Daniel Azuma

Family Ties part 1: Comparing Erlang and Elixir


I should learn Erlang

The importance of Erlang

For those of us who have been using/learning Elixir, there comes a time when we start to think, “I really should learn more Erlang”.

I started to feel this pretty strongly after about six months of experimenting with Elixir. By then, I understood that Elixir’s power comes from its roots in the Erlang language and the BEAM virtual machine. I knew that many of Elixir’s features, such as pattern matching and processes, are shared with Erlang/OTP. I had learned that I needed to interface often with Erlang libraries. But, since I had spent much of my career using modern mainstream languages such as Ruby, Erlang still felt like the eccentric old patriarch of the family. We respect him for building the family fortune, but now no one seems to know quite what to do with him.

Determined to turn that awkwardness around and become more familiar with Erlang, I embarked on a personal project: I began working on an Erlang-to-Elixir transpiler, a tool that takes Erlang source code and generates Elixir source code with equivalent functionality. Such a tool could conceivably be used as a first step toward porting an Erlang code base to Elixir. But to me, it was mostly a means to learn more Erlang and explore how the two languages related to each other.

Exploring the family ties

I began with the hypothesis that Elixir was extremely similar to Erlang, little more than syntactic veneer. If this was true, a transpiler should be quite simple to write. To a large extent, this is indeed true. Both languages are structured the same with modules containing functions, both employ immutable data with the same structures—atoms, lists, tuples, maps—both use pattern matching heavily in lieu of assignment and conditional logic, and both boast lightweight processes with actor-like message passing. Quite a bit of code would look very similar in the two languages. Take, for instance, a simple function that counts the items in a list.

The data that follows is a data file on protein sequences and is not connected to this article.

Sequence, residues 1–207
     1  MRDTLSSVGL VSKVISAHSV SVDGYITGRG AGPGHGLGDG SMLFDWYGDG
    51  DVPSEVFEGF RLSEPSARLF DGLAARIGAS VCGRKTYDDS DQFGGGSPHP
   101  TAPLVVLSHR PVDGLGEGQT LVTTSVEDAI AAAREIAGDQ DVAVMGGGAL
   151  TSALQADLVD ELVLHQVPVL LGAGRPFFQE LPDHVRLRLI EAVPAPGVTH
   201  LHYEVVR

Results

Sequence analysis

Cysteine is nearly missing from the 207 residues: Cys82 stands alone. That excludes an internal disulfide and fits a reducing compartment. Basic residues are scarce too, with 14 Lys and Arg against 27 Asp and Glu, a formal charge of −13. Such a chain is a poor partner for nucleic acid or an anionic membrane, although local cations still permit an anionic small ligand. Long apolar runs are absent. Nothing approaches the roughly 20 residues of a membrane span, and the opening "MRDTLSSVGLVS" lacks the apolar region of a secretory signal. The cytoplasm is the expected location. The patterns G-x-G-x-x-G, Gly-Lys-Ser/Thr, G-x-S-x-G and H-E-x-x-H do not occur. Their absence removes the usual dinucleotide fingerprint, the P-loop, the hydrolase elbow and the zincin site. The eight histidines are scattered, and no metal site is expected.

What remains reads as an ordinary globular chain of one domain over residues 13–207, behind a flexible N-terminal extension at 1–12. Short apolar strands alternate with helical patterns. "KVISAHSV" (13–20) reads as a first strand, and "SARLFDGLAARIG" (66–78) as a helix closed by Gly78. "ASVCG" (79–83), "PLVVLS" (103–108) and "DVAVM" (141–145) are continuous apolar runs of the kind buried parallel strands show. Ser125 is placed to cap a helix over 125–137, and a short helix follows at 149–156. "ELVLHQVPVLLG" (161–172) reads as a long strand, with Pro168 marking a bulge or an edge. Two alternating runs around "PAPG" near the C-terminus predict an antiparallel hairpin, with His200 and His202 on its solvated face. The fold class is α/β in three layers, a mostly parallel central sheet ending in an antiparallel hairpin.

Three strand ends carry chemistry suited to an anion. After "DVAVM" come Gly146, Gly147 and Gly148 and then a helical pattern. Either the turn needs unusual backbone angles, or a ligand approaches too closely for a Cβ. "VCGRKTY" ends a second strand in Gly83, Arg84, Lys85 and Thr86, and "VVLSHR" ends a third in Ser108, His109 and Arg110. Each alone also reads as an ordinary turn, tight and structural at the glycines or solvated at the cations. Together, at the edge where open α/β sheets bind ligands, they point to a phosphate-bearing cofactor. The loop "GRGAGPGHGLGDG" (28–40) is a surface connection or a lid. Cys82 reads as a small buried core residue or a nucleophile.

In Erlang:

-spec count(list(any())) -> non_neg_integer().
count([]) -> 0;
count([_Head | Tail]) -> 1 + count(Tail).

In Elixir:

@spec count(list(any)) :: non_neg_integer
def count([]), do: 0
def count([_head | tail]), do: 1 + count(tail)

As we can see, the way code is written and structured (beyond some variations in syntax) is remarkably similar. So, setting aside the few extra Elixir features (such as protocols) that have no direct Erlang counterpart, perhaps Elixir could be thought of as just a dialect of Erlang, a bit of a cockney accent on top of otherwise nearly identical diction.

Over the course of the project, I came to understand that, while the languages are indeed very similar, there are a number of subtle differences that make direct translation more challenging than one might first expect. True to my goals, I did learn quite a bit, not only about Erlang, but also about the idiosyncracies of Elixir. Those idiosyncracies, the similarities and differences between the two languages, and their relationship with each other, are the topics of this series of articles.

I currently have around a dozen articles mapped out, covering such topics as variable scoping, naming, guards and comprehensions, records and types, and the Erlang preprocessor. For example, we’ll see how the two languages differ in their naming rules and conventions, and we’ll learn techniques for breaking some of those rules should you ever need to. We’ll also learn more than you ever want to know about Erlang’s preprocessor (including why preprocessors are evil), and how you can do similar things with Elixir macros. We’ll discover whether there are things Erlang can do that Elixir can’t, and what pitfalls you should be aware of when interfacing between Elixir and Erlang code. Overall, we’ll discover that each language has its own personality and quirks, but that nonetheless, the family ties run deep.

Where to go from here

My transpiler project, Erl2ex, is on Github and can be downloaded from Hex. Feel free to experiment with it. It is usable for many cases already, and indeed, its end-to-end tests actually involve downloading common Erlang libraries from Github, converting them to Elixir, and running their own test suites on the output. However, as of this writing, there are still a number of known issues and edge cases that I’m still working on.

Otherwise, feel free to browse the index of articles in this series, and stay tuned for more on Erlang and Elixir’s family ties.

Dialogue & Discussion